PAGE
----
Amazon may just have re-invented shopping with its Go concept store. But Tim Green wants to know if he now has to upgrade his phone OS before he is allowed to buy spaghetti hoops…
British readers of a certain age will recognise the reference. ‘Fork Handles’ was the name of a 1976 comedy sketch by The Two Ronnies. In it, a man walks into a shop and asks for ‘fork handles’. The shopkeeper then gives him four candles.
Fork handles. Four candles.
It helps to be a native English speaker.
The sketch is still funny, but wow does it reflect a different age. This was how shopping used to be before the self-service supermarket changed everything.
It was set in an age when you had to ASK someone to get the items for you. Amazing.
Since the arrival of self-service, the most significant changes to (physical) shopping have been about scale rather than experience. The biggest impact has come from Walmart, CostCo etc.
However, Amazon Go might change all that.
Amazon Go answers the big criticism of in-store mobile payments: that paying with a phone in a shop is no better than paying with a card. It hasn’t re-configured the checkout, or even speeded it up. It’s got rid of it altogether.
To remind you, Amazon unveiled its new retail concept last month. The big idea is to eradicate the checkout. Instead, shoppers just place items in their bags and walk out.
This is possible because every store visitor has to scan his or her Amazon Go app before entering the shop. Amazon then uses a combination of computer vision and AI to track which item the shopper put in his or her shopping bag.
When they leave, Amazon sends a receipt to the app and debits the user’s account.
The e-tailer received a huge amount of attention for Go. This is unsurprising, as the concept seems to represent the next era of shopping. That said, Amazon was not the first to have the idea. It’s been trialled in Sweden for example. Meanwhile plenty of retailers now offer self-scanning – even the Walmart-owned https://mobileecosystemforum.com/wp-content/uploads/2022/07/MEF-Day-One-104-Large-1.png’s Club.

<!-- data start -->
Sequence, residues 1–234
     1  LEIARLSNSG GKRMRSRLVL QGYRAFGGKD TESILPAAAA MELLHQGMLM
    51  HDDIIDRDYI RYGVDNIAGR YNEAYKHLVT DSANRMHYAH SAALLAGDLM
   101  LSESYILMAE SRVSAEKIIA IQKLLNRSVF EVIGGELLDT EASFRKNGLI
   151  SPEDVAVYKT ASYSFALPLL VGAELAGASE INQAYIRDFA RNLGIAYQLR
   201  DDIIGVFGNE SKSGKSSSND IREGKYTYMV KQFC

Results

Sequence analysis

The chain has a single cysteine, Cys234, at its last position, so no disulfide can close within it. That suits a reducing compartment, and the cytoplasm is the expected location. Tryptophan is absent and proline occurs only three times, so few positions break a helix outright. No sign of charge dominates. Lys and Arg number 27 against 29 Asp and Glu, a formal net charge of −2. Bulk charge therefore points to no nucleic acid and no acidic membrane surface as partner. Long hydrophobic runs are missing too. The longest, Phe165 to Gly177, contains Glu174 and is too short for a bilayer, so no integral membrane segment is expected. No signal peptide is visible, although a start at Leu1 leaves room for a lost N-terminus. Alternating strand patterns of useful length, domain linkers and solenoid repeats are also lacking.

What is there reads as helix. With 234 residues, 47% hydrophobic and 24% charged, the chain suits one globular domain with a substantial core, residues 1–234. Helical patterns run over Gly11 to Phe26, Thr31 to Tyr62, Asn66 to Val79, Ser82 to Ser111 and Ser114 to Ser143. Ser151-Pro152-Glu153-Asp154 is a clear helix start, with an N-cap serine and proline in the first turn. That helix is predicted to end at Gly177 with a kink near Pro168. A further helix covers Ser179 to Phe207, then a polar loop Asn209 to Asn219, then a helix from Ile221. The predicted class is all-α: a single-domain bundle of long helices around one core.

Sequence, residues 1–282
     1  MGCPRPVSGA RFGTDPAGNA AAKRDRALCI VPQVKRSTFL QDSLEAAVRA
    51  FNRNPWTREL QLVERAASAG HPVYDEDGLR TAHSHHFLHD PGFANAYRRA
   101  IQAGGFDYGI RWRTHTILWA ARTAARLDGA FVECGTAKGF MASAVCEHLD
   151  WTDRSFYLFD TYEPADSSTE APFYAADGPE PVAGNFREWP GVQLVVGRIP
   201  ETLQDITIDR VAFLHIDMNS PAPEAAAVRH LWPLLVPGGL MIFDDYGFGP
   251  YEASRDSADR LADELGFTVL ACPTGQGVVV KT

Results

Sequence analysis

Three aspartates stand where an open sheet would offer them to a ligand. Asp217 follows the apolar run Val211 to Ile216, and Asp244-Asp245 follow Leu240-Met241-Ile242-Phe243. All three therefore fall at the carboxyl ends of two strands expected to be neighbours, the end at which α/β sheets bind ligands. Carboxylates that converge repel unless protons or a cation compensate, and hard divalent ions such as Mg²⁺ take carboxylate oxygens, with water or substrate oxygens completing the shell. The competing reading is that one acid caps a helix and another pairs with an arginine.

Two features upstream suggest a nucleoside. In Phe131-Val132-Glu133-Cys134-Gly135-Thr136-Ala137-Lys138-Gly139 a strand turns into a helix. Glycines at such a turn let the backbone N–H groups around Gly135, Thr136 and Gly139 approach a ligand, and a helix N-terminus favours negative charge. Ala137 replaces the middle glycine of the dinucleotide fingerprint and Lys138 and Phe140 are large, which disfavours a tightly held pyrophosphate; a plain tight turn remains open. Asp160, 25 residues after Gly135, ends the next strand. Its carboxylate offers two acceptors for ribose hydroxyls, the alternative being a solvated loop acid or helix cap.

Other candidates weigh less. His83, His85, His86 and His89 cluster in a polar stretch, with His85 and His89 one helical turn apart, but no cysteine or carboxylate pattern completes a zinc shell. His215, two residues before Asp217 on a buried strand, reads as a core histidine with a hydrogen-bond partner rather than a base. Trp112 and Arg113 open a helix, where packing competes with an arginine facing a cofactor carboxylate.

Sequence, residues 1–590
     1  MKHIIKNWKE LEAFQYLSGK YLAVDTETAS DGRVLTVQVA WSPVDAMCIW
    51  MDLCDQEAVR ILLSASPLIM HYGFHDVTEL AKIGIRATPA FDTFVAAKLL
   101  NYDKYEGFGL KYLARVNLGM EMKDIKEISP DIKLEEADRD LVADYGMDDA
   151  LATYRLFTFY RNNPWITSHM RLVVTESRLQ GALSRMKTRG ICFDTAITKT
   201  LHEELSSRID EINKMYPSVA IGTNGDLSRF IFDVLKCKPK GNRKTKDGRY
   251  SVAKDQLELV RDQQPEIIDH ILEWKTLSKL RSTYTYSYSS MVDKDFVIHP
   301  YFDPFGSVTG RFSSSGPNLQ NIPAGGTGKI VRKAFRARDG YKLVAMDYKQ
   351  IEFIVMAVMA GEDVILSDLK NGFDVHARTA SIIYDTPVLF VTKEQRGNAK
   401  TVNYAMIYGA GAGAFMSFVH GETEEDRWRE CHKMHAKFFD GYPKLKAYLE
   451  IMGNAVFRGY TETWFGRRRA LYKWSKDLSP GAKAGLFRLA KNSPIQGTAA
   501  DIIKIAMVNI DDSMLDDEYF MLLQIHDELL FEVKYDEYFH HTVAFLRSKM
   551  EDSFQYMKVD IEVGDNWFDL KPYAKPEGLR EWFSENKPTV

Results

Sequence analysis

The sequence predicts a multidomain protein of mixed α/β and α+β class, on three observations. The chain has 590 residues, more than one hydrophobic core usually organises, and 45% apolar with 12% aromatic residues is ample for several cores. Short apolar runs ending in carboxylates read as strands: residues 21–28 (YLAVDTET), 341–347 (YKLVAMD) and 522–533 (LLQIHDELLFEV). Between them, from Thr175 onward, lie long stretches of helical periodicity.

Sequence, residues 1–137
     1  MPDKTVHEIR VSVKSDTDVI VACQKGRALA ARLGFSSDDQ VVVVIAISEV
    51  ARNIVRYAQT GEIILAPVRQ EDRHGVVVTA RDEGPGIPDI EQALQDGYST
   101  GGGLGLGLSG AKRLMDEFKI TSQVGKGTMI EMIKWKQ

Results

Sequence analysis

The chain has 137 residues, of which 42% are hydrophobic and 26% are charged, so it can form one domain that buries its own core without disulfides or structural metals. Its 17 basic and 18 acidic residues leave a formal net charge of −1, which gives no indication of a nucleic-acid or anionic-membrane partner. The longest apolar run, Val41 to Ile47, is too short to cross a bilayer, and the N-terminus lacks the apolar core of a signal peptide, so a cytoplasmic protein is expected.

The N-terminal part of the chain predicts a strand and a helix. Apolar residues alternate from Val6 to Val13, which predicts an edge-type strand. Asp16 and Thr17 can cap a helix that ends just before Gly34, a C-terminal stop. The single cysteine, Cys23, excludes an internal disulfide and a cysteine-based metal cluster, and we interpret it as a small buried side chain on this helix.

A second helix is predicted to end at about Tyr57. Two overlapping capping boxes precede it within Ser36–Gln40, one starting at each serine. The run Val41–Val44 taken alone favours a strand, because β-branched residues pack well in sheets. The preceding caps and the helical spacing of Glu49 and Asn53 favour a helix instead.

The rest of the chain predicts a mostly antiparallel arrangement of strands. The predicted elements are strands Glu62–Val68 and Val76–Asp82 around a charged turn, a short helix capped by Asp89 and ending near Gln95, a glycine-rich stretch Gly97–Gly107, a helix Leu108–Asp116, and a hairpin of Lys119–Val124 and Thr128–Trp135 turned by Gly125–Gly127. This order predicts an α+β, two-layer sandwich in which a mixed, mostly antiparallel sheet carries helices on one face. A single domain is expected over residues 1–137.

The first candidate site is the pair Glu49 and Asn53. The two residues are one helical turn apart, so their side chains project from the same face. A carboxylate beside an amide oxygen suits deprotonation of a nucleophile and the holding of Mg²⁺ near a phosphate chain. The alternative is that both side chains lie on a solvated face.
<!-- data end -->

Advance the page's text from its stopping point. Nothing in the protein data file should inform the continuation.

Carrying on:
France’s Monoprix deserves a mention here too. It offers a service called ‘livraison à domicile’, which lets shoppers fill their basket and then leave it at checkout and walk out. Monoprix then delivers it to their home. The company even parodied the Amazon Go video to trumpet the merits of its system.
For me, the interesting angle on Amazon Go is how it answers the big criticism of in-store mobile payments: that paying with a phone in a shop is no better than paying with a card.
It’s why Apple Pay, Vodafone Wallet, PayPal Mobile etc have become useful alternatives in-store rather than the default option.
But with Go, Amazon has made the smartphone app the start point for a genuinely transformative retail experience.
It hasn’t re-configured the checkout, or even speeded it up. It’s got rid of it altogether.
That’s massive. And it’s interesting that many commentators believed this is what Apple Pay might look like. Before its launch, I recall reading blogs predicting that Apple Pay would combine a payment app with in-store Beacons to create a new way of shopping.
Instead, Amazon did it.
And though the Go store in Seattle is a test case, reports suggest Amazon has plans for 2,000 more of them. (Amazon has since denied these plans as outlined in the WSJ.)
Whatever the truth, the story proves yet again that Amazon is prepared to try bold ideas (drones, Echo, Prime, Fire etc). It really deserves credit for its audacity (even if the motivation is shareholder value above anything else).
But every big new idea raises questions from the awkward squad. So here are mine…
- What if you have the old version of an OS. Will you be denied entry to Amazon Go because you haven’t upgraded to iOS 10 or Lollipop? Or worse, if you have a Windows Phone?
- Will Amazon use your ‘real world’ shopping habits to show you ads for things online? And will it do that annoying Amazon thing of recommending things you already bought?
- Will shoppers put some kind of “Faraday cage” around their shopping bags to avoid the product trackers?
- How will Amazon resolve disputes over what you did or didn’t buy? Will they send you a video?
- How will shoppers pay for loose items? Will every grape be tagged?
- And what happens if I eat one of those grapes while shopping?
- Can I bring a friend with me while I shop? Will she have to wait outside if she doesn’t have an Amazon Go app?
- What if my battery dies? Will Amazon stop me entering Go if my battery is low?
- Can my kids use my phone to buy vodka and cigarettes? (actually, the youngest will be 18 soon, but you get the point).